14. jonbirch says:

    cheers easyrew… happy studying. i prefer the lords prayer to any creed, because jesus said it… and it’s jesus i sign up to. :-)

    seems to me, if you can get people to all sign up to the same stuff the masses become controlable. but the lord’s my shepherd and he gives me permission to think. :-)

    the cartoon though is dronelike automatons reciting parrot fashion. that seems pointless.

  15. Mark says:

    Does anyone feel the same way about singing songs? I feel weird when a group of 200+ people all sings the same song, and a lot of the time that particular song does not even reflect my feeling at that time or even my belief at that time.

  16. Laura says:

    Every time I hear those words, I think of this song. One of my favorites by Rich Mullins.

  17. Helen says:

    Whist saying the creed it is very much up to the individual as to weither they are repeating by rote or meaning every word they say. My vicar always precedes the creed by saying “let us all together reaffirm the basic tenets of our faith” I am a trainee reader in the Anglican church and have just in the last few weeks studied the creed, and the numerous argumants that went to constructing it. We looked a different creed an African one was facinating as it was written in a context familiar to those who would speak it, (my favourite line was “he was buried but the hyeanas did not eat him”” There is something very valuble in stating our idendity as a group because we are the body of Christ not just inviduals working independatly. Whisn I suppose is why it can be dishartening to hear the creed droned rather that being said with gusto.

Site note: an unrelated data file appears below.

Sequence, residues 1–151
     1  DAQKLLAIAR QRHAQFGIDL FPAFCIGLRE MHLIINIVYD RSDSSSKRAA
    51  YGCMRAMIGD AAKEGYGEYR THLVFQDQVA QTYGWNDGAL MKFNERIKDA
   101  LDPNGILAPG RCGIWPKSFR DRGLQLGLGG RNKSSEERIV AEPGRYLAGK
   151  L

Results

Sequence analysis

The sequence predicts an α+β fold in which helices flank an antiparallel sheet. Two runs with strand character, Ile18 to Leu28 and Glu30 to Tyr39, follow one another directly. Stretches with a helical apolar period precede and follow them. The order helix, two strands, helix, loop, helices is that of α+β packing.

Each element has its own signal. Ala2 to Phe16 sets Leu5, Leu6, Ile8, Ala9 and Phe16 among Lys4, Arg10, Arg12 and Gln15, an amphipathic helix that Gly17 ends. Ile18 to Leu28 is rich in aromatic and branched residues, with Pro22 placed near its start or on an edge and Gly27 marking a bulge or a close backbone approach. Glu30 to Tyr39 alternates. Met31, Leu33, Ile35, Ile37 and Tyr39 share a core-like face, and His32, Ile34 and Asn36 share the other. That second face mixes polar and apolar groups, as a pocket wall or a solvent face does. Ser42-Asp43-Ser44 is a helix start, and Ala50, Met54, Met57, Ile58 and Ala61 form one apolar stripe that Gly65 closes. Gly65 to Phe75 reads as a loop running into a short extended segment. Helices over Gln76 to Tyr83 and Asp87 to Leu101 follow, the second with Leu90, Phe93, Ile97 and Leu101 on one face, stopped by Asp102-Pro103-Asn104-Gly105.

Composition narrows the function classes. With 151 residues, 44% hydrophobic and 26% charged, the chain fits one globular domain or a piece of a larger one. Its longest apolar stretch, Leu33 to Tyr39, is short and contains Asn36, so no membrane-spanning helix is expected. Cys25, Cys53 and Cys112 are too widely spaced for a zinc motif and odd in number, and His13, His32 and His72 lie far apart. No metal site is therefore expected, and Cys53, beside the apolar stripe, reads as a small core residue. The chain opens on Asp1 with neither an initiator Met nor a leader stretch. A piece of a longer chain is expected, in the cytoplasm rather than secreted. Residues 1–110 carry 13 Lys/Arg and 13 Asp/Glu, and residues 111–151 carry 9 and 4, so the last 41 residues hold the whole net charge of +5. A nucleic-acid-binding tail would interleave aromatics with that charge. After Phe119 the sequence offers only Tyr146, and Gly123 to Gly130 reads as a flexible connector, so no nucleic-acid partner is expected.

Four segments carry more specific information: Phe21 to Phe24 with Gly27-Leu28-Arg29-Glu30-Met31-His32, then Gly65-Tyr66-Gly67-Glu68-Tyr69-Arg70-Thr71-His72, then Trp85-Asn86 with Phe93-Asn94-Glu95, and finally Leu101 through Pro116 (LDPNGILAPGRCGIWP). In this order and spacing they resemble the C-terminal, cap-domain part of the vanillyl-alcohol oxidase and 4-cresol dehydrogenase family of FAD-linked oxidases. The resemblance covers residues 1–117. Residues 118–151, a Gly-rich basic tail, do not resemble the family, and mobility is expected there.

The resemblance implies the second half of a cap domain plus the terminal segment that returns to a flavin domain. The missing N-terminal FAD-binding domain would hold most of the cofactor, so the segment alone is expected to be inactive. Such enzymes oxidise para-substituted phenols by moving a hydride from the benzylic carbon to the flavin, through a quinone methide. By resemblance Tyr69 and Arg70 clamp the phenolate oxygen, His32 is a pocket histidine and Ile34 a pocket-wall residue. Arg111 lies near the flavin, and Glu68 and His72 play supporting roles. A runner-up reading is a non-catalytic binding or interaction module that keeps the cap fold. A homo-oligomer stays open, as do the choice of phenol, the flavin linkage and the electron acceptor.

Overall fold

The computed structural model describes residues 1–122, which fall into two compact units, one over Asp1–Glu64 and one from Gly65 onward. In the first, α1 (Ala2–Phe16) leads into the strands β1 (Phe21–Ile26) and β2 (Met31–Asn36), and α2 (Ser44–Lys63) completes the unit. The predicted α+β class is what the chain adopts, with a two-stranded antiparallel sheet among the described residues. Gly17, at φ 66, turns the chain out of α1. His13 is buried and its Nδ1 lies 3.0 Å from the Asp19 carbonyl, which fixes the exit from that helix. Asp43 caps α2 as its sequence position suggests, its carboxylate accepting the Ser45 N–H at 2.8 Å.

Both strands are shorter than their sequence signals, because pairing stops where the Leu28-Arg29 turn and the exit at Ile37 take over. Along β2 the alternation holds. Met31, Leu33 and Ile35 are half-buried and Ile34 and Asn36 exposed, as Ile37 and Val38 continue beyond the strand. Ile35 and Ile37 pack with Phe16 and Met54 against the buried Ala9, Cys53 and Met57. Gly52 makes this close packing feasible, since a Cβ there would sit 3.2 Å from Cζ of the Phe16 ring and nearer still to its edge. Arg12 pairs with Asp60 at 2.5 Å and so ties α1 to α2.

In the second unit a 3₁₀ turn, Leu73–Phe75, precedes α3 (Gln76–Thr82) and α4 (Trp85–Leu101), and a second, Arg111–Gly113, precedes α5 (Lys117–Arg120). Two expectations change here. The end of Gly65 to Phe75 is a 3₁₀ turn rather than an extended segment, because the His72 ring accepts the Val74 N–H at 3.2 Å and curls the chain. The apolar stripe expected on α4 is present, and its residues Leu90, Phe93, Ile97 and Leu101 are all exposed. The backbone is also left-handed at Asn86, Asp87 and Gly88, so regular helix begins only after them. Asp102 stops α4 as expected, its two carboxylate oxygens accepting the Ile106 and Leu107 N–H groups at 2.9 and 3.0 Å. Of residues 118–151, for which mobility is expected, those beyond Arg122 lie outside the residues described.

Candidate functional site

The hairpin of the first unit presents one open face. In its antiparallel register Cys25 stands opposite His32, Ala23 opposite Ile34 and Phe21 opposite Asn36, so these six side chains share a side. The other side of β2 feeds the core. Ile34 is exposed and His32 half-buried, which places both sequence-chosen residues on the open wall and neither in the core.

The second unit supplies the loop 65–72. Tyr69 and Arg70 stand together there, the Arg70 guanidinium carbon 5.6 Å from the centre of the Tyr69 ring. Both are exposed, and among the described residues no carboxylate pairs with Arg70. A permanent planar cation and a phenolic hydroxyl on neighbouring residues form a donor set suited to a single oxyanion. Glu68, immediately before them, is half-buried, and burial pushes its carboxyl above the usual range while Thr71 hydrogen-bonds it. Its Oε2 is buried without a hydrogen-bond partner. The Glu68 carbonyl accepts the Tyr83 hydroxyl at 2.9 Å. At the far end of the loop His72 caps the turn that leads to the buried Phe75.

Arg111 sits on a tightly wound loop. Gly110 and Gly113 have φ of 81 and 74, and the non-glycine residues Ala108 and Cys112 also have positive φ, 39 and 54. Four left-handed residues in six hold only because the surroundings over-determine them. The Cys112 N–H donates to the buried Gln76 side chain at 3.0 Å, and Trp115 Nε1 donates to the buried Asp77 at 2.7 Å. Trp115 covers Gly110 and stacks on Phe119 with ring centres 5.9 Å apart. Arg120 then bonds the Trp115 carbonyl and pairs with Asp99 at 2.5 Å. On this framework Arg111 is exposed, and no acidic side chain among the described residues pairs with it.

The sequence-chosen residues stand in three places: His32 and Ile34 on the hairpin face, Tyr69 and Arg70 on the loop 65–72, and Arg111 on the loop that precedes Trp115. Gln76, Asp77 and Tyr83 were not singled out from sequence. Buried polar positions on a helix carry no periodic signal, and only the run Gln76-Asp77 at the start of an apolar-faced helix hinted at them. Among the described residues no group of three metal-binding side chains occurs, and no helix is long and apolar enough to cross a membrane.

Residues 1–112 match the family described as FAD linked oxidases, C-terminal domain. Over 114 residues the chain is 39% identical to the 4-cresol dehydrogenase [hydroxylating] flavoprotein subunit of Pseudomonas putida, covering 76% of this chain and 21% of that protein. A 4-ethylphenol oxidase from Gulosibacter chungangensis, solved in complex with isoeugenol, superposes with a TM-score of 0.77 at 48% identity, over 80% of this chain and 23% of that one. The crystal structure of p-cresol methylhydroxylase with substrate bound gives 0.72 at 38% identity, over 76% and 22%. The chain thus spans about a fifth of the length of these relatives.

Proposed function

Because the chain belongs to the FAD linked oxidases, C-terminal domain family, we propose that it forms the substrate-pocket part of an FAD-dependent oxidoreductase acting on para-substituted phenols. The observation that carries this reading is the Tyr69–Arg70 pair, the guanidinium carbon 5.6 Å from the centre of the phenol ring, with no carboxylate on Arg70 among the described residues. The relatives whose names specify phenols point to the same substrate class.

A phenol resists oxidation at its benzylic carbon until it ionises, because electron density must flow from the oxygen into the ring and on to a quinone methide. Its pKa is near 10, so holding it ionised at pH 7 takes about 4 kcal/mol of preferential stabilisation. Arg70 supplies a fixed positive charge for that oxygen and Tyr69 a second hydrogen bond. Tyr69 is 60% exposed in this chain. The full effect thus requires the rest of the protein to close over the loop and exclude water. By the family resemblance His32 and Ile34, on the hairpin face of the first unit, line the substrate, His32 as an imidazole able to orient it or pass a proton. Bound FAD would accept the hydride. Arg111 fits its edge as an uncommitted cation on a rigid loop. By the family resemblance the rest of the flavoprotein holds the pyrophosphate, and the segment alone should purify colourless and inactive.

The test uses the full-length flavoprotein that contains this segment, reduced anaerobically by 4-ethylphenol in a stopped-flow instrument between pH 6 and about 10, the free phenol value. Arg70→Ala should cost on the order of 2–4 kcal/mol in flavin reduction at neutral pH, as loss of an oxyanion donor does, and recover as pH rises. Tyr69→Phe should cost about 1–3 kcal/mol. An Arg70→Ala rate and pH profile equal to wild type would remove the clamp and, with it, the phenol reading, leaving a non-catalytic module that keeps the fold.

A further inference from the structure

18. Helen says:

    pardon my spelling a rely on spellcheck too much

  19. Carole says:

    I enjoyed reading ‘In Search of Belief’ by Joan Chittister which is a personal exploration of the statements of the Creed (Apostles rather than Nicene).

  20. jonbirch says:

    mark… yes i often feel the same about singing songs. :-(

  21. tallandrew says:

    Jon, you said… “for the record… a common creed can be a good thing… the nicene creed’s okay… obviously some work went into it… just so long as you don’t have to sign up to all of it to be a christian. it is possible to be a christian and not believe quite alot of stuff i’d have thought…”

    I’m just interested in what you think it is necessary to beleive to be a Christian – what are the irreducible core beliefs?

  22. tallandrew says:

    … if there are any.

  23. Jeremy says:

    Shouldn’t there be some continuity of faith? I actually for the first time am offended to read one of these. Normally I agree whole heartedly with the meanings or thoughts behind these cartoons. However, for the first time I actually have to disagree that stating a creed is a bad thing.

    I think there are to many people having faiths of convenience rather then a solid faith upon which they can stand. People confuse religion with following Christ. So, I can understand the desire to point out a creed being a negative thing. However the common misnomer with saying that “your faith is your own” is often missrepresenting the entire premise of Christ’s sense of community. There is a far more important aspect of Community in the gospel then there is of individualism.